PERHAM, Maine — After viewing a video recording and investigating the damaged area, National Weather Service staffers have confirmed that a tornado touched down Monday evening in this small community located west of Caribou.
“It was powerful enough to cause damage, but thankfully it was all in a forested area and didn’t impact any structures,” meteorologist Francis Kredensor of the National Weather Service Caribou office said Tuesday afternoon.
No injuries were reported.
The tornado gouged a swath about 30 yards wide and 100 yards long as it briefly touched down at 5:47 p.m. just north of Tangle Ridge Road in Perham, a community of less than 400 inhabitants.
The National Weather Service staffers rated the tornado an EF0, the lowest rating a tornado can receive, with estimated winds of 75 mph.
A line of severe thunderstorms rumbled across the state Monday afternoon and evening, but Kredensor said the storm that created the tornado was “off on its own.”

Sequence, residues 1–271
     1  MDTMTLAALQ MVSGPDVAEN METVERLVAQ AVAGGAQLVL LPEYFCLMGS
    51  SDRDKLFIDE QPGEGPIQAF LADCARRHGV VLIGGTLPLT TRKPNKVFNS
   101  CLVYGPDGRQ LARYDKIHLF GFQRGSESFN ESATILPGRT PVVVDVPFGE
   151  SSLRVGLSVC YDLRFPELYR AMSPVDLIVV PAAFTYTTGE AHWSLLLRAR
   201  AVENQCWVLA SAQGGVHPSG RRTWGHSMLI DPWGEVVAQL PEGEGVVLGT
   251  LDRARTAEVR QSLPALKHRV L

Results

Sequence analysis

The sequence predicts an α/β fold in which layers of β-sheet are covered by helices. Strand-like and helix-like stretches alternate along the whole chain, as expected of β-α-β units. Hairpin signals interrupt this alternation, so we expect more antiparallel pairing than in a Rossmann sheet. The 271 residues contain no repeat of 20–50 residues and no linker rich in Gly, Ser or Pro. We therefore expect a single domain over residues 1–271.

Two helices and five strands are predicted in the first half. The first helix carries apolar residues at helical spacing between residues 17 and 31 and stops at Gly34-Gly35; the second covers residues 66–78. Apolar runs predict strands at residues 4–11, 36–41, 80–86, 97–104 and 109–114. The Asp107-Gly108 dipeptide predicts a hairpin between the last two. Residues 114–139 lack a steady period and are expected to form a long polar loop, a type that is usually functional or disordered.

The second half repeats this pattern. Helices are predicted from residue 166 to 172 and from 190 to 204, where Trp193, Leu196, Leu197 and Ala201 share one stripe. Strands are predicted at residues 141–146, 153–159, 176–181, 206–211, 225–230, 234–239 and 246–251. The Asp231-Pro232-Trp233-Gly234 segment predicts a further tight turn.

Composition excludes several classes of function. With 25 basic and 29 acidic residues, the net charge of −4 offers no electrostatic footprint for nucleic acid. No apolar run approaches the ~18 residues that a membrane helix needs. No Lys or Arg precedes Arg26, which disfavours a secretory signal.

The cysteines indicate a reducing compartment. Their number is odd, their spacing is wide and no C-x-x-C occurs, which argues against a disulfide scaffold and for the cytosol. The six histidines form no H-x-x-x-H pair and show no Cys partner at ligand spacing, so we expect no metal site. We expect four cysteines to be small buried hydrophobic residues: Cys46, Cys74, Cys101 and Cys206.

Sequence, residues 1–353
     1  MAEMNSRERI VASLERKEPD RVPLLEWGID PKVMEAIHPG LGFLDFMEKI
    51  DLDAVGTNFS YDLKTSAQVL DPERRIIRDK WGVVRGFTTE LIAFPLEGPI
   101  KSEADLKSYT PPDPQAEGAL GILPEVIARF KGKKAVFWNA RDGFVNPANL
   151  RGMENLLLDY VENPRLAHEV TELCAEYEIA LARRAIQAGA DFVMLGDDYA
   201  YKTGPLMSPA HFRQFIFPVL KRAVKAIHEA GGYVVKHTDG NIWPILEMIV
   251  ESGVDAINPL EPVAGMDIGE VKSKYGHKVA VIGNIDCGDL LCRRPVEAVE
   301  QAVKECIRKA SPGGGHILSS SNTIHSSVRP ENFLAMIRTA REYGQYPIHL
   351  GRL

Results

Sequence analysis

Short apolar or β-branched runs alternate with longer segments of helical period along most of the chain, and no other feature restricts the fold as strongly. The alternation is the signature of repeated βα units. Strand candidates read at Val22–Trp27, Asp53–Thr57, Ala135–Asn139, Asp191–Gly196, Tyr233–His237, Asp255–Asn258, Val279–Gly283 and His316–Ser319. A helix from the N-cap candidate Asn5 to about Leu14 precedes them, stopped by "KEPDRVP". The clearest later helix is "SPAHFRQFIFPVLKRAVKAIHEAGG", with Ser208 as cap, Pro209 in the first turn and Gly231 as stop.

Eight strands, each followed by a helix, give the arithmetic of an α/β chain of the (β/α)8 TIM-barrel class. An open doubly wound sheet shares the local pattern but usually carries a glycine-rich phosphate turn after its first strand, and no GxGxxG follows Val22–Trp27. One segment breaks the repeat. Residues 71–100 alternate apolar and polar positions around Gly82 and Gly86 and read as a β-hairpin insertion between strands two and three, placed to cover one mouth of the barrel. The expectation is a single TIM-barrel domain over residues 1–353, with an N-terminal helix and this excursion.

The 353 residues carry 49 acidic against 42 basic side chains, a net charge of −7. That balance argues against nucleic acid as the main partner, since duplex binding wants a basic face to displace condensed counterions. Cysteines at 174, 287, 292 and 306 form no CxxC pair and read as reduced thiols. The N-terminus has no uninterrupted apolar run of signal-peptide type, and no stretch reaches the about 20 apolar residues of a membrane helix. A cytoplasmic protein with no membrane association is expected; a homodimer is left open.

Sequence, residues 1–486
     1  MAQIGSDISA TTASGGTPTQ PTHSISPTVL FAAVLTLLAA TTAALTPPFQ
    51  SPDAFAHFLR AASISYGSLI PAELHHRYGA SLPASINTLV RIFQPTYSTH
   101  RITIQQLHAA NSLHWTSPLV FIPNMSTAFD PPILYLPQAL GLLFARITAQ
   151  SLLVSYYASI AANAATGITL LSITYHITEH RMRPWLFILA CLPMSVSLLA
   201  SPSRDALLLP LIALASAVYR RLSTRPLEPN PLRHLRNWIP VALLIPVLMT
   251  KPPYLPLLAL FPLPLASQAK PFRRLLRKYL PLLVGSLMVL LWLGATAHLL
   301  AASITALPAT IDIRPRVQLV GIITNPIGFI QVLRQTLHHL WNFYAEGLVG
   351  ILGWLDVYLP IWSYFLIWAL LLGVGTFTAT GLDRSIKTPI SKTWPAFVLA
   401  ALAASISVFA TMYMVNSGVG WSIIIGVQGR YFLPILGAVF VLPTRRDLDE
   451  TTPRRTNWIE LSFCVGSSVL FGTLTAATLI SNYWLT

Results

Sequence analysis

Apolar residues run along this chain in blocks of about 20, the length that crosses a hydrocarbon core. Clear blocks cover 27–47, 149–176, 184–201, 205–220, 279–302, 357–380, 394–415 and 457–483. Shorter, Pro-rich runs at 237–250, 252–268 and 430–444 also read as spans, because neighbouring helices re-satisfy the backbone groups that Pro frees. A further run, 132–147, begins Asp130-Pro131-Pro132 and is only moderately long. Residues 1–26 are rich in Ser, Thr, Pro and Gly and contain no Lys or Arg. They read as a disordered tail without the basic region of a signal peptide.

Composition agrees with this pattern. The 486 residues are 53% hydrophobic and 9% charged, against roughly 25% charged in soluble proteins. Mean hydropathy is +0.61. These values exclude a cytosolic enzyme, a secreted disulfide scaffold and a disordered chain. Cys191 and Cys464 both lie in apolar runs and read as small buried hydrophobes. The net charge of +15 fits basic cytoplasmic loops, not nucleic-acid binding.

“There were a couple storms near it earlier,” Kredensor said. “When this one formed, it was on its own northwest of Caribou. The storm that went through Bangor was part of a bigger line.”
There was no evidence of tornado damage or a touchdown anywhere else in the state, according to the National Weather Service offices in both Caribou and Gray.
Kredensor said that all photos sent to the National Weather Service on Monday night seemed to depict a wall cloud in northern Aroostook County without any visual touchdown. But he said he did see a video of the tornado touching down, though initially it was believed to have hit in neighboring Woodland.
Storm winds still caused some tree damage elsewhere around the state, and 1-inch diameter hail was reported in New Sweden and Caswell in northern Aroostook County.
Tornadoes are not a common occurrence in Aroostook County, but they still appear on occasion, with the last one touching down in May 2014, according to the National Weather Service.
“We’ve had several tornadoes up here,” Kredensor said. “They’re not very frequent or strong, but we do get them.”
Kredensor advises anyone caught in a tornado to seek shelter, ideally below ground.
“If you can’t go below ground, then go to a windowless interior room, and, if you can, take something soft for cushioning against debris,” he said.